Courses & Units

Resilience in the Face of Emergencies XBR206


In this breadth unit you will investigate how to enhance resilience in the face of an emergency. Breadth units are units that must address ‘wicked problems’. A wicked problem is a problem that is difficult or impossible to solve because of incomplete, contradictory, and changing requirements that are often difficult to recognize. The wicked problem addressed in this unit is: How can we improve the resilience of people in the face of emergencies? Currently the frequency and scale of emergencies is increasing, eroding the very resilience we need to improve. Further, improving resilience at one level (e.g., government emergency services) tends to reduce resilience at other levels (e.g., individual resilience) because we think there will always be someone there to ‘save’ us. The solutions are not straightforward. We will study this problem with respect major domains of knowledge such as physiology, psychology, sociology and community development, and business and management. You will learn how to apply this knowledge to a range of emergency events that you and other people might become involved in. We will be thinking about emergencies in a number of different domains – marine, fire, medical, floods and others. Finally, we will consider resilience at different levels of magnification – individual, community or group and organisational as these levels interact both synergistically and antagonistically in different circumstances. We will also consider the role of technology in supporting and reducing resilience. People becoming increasingly reliant on technology and on government agencies to keep them safe, however technology can fail, and government services are struggling to manage large scale response and recovery from emergency events. This all leads to the need to improve the personal resilience of individuals as well as our community and the organisations we work in and interact with at a time when that resilience is facing its greatest challenge. This unit will place students in a better position to respond to these emergencies. It will provide them with learnings that support a multi-disciplinary response to this ‘wicked problem’, and a better understanding of resilience as a broader concept that can be applied to many aspects of their student, personal and professional life. Some of the content in this unit identifies situations in which people have had their resilience challenged by emergencies. In certain circumstances that content also identifies situations that have ended in loss of life. If you feel the content might be distressing for you, please let one of the staff know, and we would encourage you to avoid that material at least until you've had an opportunity to discuss this with the School Counsellor, or another mental health care professional. There is a strong emphasis on reflection in this unit and The Learning Activities and Assessment Tasks also require some personal reflection. If any of this creates distress for you, also please let one of the staff know, and we will assist you to make alternative arrangements to meet the learning objectives.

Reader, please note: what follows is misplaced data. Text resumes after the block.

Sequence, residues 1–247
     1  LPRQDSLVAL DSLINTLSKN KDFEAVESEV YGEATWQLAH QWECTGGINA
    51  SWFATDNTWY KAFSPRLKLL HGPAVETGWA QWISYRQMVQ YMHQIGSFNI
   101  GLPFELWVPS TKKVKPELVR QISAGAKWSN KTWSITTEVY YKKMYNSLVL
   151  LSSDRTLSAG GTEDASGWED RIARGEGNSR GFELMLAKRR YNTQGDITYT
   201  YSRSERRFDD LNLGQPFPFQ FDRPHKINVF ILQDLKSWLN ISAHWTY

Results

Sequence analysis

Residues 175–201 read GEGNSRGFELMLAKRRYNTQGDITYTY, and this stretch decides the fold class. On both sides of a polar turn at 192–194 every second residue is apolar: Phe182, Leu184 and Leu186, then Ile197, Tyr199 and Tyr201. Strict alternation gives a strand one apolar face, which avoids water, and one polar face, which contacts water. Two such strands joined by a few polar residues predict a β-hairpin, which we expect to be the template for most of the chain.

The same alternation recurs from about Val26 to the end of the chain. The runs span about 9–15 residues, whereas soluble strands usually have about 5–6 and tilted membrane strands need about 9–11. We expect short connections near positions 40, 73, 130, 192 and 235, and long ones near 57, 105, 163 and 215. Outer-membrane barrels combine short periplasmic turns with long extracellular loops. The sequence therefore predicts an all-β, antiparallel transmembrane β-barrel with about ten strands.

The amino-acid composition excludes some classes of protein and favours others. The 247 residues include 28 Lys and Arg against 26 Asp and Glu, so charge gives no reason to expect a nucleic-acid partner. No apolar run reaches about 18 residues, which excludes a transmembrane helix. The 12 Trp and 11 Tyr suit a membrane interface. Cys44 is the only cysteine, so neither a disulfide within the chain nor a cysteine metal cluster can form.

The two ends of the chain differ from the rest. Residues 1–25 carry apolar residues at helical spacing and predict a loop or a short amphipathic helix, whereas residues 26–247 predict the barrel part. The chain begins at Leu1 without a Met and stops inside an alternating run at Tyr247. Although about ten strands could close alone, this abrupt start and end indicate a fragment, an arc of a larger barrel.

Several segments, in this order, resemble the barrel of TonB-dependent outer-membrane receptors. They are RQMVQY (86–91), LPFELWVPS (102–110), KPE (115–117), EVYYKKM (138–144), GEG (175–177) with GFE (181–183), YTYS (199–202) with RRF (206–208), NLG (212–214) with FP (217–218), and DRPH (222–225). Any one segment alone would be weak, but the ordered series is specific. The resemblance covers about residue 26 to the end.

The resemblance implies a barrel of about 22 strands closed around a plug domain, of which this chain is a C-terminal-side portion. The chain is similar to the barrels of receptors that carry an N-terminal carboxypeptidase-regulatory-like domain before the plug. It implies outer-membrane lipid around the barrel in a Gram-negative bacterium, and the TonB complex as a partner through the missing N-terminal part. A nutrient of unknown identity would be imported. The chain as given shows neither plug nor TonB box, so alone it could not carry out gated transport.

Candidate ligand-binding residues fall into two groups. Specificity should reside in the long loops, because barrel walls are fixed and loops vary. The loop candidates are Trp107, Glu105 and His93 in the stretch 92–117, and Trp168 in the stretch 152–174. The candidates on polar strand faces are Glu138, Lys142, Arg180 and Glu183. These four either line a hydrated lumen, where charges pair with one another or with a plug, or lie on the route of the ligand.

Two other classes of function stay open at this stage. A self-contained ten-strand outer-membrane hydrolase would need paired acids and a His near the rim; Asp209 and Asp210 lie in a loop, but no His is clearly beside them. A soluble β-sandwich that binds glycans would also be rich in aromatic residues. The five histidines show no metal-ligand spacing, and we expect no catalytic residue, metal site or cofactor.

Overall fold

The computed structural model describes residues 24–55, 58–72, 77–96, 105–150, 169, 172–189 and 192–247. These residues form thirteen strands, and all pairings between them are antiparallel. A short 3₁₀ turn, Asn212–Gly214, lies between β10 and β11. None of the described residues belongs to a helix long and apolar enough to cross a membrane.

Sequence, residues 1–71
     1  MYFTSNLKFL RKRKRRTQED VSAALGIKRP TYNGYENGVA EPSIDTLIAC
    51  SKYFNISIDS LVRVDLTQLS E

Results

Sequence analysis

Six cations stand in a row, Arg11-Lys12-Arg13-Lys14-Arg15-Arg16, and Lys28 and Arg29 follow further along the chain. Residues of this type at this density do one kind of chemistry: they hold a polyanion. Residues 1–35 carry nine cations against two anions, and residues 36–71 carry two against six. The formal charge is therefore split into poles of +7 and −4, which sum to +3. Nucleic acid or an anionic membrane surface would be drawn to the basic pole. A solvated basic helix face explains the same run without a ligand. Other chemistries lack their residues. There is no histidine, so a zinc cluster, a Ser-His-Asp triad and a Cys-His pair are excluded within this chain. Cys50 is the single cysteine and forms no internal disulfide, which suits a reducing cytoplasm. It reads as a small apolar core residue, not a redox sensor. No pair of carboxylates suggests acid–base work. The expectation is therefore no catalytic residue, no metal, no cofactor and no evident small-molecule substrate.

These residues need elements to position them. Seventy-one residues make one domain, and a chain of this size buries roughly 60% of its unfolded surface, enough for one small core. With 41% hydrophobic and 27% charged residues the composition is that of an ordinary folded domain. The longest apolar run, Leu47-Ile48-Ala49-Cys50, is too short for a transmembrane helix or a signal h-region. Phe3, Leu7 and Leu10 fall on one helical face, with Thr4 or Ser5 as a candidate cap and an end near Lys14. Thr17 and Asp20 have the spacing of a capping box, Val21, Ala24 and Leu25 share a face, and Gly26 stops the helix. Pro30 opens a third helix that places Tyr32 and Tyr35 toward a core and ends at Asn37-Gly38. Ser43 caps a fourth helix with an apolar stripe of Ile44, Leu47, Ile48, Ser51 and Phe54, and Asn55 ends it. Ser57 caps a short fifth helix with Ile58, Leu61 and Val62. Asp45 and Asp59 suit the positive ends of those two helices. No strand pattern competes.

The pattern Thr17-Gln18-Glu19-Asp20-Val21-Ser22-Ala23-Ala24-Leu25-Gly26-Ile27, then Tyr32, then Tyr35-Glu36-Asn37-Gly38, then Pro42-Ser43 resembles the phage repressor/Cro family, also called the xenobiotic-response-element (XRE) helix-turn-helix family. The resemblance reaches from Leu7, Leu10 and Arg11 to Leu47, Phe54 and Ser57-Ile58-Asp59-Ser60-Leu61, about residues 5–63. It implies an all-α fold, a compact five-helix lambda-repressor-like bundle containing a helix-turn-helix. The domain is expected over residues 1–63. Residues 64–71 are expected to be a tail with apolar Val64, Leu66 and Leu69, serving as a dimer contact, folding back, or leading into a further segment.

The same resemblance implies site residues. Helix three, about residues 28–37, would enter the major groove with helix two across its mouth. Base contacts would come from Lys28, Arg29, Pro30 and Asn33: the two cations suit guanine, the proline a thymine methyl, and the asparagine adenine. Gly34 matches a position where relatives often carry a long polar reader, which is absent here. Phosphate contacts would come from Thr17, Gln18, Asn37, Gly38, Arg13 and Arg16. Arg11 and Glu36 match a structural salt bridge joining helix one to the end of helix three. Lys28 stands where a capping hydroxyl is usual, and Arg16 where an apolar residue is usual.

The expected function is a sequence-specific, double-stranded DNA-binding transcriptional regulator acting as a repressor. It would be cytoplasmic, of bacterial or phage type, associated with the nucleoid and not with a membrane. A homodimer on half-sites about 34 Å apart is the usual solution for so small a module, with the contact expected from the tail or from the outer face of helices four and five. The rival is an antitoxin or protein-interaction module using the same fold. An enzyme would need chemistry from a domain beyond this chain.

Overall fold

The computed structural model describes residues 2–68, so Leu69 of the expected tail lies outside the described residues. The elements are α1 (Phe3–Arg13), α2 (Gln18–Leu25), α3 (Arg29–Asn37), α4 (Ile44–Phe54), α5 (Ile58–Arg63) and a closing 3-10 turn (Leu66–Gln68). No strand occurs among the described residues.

Unit name Resilience in the Face of Emergencies
Unit code XBR206
Credit points 12.5
College/School College of Arts, Law and Education
School of Humanities
Discipline Maritime and Logistics Management
Coordinator Associate Professor Benjamin Brooks
Available as student elective? Yes
Delivered By Delivered wholly by the provider


This unit is currently unavailable.


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Learning Outcomes

  • Demonstrate knowledge of the psychology, physiology, sociological, behavioural and organisational principles that underpin human responses to emergencies.
  • Identify factors that support individual resilience to emergencies and develop skills in applying these in preparedness for emergencies including assessment of your own responses.
  • Develop skills in critical reflection including reflection of your own resilience to emergencies and how developing resilience could be extended to other aspects of life.
  • Analyse how key concepts (e.g., safety, resilience) interact at individual, group and community levels to support social responsibility and sustainability.
Field of Education Commencing Student Contribution 1 Grandfathered Student Contribution 1 Approved Pathway Course Student Contribution 2 Domestic Full Fee
not applicable

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AssessmentCritically Appraised Topic (20%)|Assignment (40%)|Assignment|Assignment (40%)
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